All the people in the synagogue were furious when they heard this. They got up, drove him out of the town, and took him to the brow of the hill on which the town was built, in order to throw him off the cliff. But he walked right through the crowd and went on his way.”

In my deep knowledge of the Greek language (please read the previous with sarcasm), I am pretty sure the word “furious” in the text betters translates “remove-the-wig-and-jewelry, red-faced, mad-as-hell, thirty-for-blood rage.”

Had they been able to follow through with their assassination plot I wonder what symbol we’d currently have hanging on our walls and necklaces. Whatever it would be, this little hermeneutical maneuver almost got Jesus killed.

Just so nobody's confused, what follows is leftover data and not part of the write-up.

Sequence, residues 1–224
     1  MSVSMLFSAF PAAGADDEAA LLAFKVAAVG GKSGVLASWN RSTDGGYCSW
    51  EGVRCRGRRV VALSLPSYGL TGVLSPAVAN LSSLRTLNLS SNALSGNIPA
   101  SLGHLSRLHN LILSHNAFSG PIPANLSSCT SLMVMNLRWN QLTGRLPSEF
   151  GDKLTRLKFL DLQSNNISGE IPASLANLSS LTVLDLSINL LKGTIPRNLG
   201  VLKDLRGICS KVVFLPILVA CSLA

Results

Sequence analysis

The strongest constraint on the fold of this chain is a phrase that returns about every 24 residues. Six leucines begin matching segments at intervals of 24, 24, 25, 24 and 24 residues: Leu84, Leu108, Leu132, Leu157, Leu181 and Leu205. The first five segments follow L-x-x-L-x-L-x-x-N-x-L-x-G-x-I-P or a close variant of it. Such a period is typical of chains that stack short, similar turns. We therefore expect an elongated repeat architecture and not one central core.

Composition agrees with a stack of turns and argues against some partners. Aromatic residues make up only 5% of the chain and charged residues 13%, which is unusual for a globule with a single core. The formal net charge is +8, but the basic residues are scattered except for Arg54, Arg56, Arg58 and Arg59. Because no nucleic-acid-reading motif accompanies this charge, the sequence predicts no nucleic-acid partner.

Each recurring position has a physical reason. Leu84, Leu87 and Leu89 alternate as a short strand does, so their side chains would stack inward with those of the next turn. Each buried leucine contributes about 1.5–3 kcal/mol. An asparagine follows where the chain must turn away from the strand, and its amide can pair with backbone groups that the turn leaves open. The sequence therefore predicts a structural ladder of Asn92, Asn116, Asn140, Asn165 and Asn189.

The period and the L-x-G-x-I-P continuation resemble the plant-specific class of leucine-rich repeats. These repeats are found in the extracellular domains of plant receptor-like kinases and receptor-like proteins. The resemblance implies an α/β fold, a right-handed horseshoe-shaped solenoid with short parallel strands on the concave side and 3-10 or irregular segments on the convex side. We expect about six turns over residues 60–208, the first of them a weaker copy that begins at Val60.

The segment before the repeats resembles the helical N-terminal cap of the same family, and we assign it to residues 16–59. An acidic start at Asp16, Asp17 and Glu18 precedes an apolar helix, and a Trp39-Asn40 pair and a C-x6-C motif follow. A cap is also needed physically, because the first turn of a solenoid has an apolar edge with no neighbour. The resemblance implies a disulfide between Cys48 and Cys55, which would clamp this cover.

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If we are honest with ourselves, when we read this story we are shocked at the response of the crowd. We are on Jesus’s side, of course, and are therefore appalled by their actions.

However, the fact that we don’t side more with the riotous crowd, shows how good we are at creating a safe distance between us and the text.

Even more, the fact that Jesus’s words don’t illicit a similar visceral reaction in us, shows how unaware we are of how his words threaten our religious systems just as much as it did theirs.

As hard as I try to enter this text, I am so practiced at softening the blow of Jesus’s words, I must confess that I am mostly unaware of the nature of what he is saying, not just to them, but to me as well.